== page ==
While understandably concerned about exposure to 2019 coronavirus disease (COVID-19), Heather Masotto didn’t hesitate to bring 1-year-old Brinley to the pediatrician for her well-child visit. Heather knows that keeping her child’s vaccinations up-to-date can protect her against serious and potentially life-threatening infections.
“I would never want to put my daughter in danger of not being properly vaccinated,” Heather says. “Plus, we felt totally comfortable in the office, and the staff had assured me that all the proper precautions were in place.”
A day before the visit with Brinley’s pediatrician, Sara Siddiqui, MD, at NYU Langone Huntington Medical Group, a staff member called Heather to explain the safety protocols that are in place at all NYU Langone pediatric practices. These include asking if anyone in the family has been sick, and if so, postponing the visit. Only one parent or caregiver can accompany the child to the visit, and adults must wear masks, as well as children ages 2 and older who can tolerate it. All appointments start on time, so parents and children are brought immediately into to an exam room to minimize time in the waiting area.
Other precautions include taking everyone’s temperature at the door before they can enter and designating areas to keep healthy children away from those who are feeling unwell. All rooms are thoroughly sanitized between patients. In-office staff members—who are masked, gloved, and screened for illness before coming to work—are kept to a minimum and practice social distancing.
“When we got there, there was no one in the waiting room,” Heather says. “The doctors and medical assistants were all wearing gloves and masks.”
Dr. Siddiqui started the appointment right on time. And while it was a quick visit, Heather never felt rushed. “She answered every question I had about Brinley, and she got her vaccinations,” Heather says.
The Importance of Well-Child Visits and Immunization
Our pediatricians, part of Hassenfeld Children’s Hospital at NYU Langone, are encouraging parents to keep up with well-child visits for their infants and toddlers. Keeping children on track for their immunizations is important for their overall health and reduces the risk of vaccine-preventable illness.
During the 2018–19 measles outbreak, New York state had one of the highest number of measles cases in the nation. “We do not want to see an insurgence of vaccine-preventable diseases due to decreased vaccination rates,” Dr. Siddiqui says.
By age 15 months, the Centers for Disease Control and Prevention recommends inoculation against 13 illnesses, including chicken pox, diphtheria, hepatitis B and A, measles, mumps, polio, H influenza type B, pneumococcus, rotavirus, rubella, tetanus, and pertussis, also known as whooping cough. This evidence-based schedule is designed to vaccinate children at the earliest possible age at which the immune system will respond well and create protective antibodies.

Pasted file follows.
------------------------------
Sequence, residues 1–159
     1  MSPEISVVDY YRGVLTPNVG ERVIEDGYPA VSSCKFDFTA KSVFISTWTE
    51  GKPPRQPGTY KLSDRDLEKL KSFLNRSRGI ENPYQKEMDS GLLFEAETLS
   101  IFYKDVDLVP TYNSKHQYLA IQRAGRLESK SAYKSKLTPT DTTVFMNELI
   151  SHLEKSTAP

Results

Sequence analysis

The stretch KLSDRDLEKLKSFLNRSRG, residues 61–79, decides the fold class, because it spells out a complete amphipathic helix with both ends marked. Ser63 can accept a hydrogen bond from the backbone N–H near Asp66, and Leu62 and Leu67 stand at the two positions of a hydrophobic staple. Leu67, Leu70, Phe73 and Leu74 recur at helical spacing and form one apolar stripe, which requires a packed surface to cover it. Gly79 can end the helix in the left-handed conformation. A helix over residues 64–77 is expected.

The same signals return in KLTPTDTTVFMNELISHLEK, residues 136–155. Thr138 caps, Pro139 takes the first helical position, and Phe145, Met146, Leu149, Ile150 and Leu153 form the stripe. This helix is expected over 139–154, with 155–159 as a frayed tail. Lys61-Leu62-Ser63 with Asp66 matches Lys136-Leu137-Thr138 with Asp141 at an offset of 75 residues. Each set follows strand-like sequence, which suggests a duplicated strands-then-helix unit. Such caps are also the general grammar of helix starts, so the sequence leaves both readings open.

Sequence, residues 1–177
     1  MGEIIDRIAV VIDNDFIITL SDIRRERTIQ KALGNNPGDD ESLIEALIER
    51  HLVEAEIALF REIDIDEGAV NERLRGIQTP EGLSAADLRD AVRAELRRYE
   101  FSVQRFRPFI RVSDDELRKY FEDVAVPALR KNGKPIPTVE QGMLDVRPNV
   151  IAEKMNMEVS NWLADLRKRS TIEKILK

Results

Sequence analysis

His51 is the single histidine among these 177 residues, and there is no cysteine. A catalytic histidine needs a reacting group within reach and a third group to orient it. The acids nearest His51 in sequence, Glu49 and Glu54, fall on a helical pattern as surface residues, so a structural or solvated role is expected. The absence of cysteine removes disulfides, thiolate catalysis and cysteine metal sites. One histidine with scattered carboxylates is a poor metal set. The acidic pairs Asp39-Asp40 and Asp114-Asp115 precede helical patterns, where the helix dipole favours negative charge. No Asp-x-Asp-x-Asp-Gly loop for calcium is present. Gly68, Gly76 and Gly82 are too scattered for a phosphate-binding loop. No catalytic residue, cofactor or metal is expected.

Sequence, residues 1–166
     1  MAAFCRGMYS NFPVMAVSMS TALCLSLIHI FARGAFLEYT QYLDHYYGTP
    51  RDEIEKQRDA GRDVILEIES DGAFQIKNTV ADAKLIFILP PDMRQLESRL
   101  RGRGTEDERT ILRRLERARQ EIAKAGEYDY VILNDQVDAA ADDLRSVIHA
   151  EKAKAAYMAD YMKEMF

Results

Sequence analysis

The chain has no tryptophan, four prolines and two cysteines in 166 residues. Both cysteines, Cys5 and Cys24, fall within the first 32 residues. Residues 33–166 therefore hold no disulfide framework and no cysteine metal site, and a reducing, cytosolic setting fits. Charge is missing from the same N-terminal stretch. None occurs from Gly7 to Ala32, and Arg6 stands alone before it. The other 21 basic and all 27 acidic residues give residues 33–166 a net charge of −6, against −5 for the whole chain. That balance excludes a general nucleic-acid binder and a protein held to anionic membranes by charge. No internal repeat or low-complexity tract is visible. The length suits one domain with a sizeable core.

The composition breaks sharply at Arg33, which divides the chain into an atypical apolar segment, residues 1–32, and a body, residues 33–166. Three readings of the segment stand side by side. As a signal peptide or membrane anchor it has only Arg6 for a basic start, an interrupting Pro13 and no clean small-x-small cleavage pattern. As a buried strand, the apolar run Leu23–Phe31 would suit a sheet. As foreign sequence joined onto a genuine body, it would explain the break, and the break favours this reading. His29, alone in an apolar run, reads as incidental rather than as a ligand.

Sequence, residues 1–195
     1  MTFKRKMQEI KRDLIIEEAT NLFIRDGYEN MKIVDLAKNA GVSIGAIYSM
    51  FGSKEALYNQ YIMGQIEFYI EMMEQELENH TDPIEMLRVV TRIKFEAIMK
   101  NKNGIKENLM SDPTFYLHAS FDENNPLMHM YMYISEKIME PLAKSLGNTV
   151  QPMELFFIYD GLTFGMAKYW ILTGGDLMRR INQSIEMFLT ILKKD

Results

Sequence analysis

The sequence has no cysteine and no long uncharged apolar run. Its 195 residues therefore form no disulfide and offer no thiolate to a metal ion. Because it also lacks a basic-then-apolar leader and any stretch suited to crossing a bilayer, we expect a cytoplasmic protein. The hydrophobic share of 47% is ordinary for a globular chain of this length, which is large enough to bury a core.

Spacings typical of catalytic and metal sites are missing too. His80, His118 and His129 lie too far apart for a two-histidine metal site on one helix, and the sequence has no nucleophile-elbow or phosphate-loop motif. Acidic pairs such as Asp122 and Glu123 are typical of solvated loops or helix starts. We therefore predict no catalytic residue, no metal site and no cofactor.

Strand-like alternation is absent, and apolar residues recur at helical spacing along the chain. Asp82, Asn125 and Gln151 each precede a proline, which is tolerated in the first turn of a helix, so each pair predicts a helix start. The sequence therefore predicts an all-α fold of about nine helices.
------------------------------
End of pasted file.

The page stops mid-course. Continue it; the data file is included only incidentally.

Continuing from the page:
“Pediatric medicine is about prevention, so if we can get them into the office in a safe manner, and get them vaccinated on schedule, we want to encourage that,” says Niloufar Gidfar, MD, pediatrician at NYU Langone at Trinity.
For babies and toddlers, in-person visits provide an important aspect of care. The first two years are a time of immense growth. Monitoring that development is a key part of the well-child visit. “At 2 and 4 months, I’m looking for tone and strength in the shoulders, which can be difficult to assess without a physical exam,” Dr. Siddiqui says. “I check reflexes. Does the baby clasp my hand? Things like that are really important.”
Video Visits for Treatment
To reduce the risk related to COVID-19, NYU Langone pediatricians are using video doctor visits to help treat children who are sick. Rashes, fevers, sinus infections, and colds are the most common ailments pediatricians see during video visits. Parents request a video visit with their child’s pediatrician either through NYU Langone Health MyChart or by calling the doctor’s office. There are many conditions that can be diagnosed during the video visit. Your pediatrician can provide advice and guidance on caring for your child, and have a prescription sent to your pharmacy if necessary.
“We can look at the eyes for conjunctivitis, and older kids are really great at showing us their mouth and throat on the screen. I also ask parents to do things like rub up and down the neck to check for swollen lymph nodes, and while they do that I can see how the child reacts,” says Alexis S. Papageorge, MD, pediatrician at NYU Langone Slope Pediatrics.
In situations where a physical exam or diagnostic testing, such as a throat swab for group A strep, is necessary, your pediatrician will ask you to schedule an in-office visit. The exam takes place in a room designated for children who are not feeling well, and it is thoroughly cleaned and sanitized between patients.
“While we are in the epicenter of what is going on with COVID-19, the important thing to remember is that we have been here the whole time,” Dr. Siddiqui says. “We’ve been here for well-child visits, and we are here for you if your child is sick.”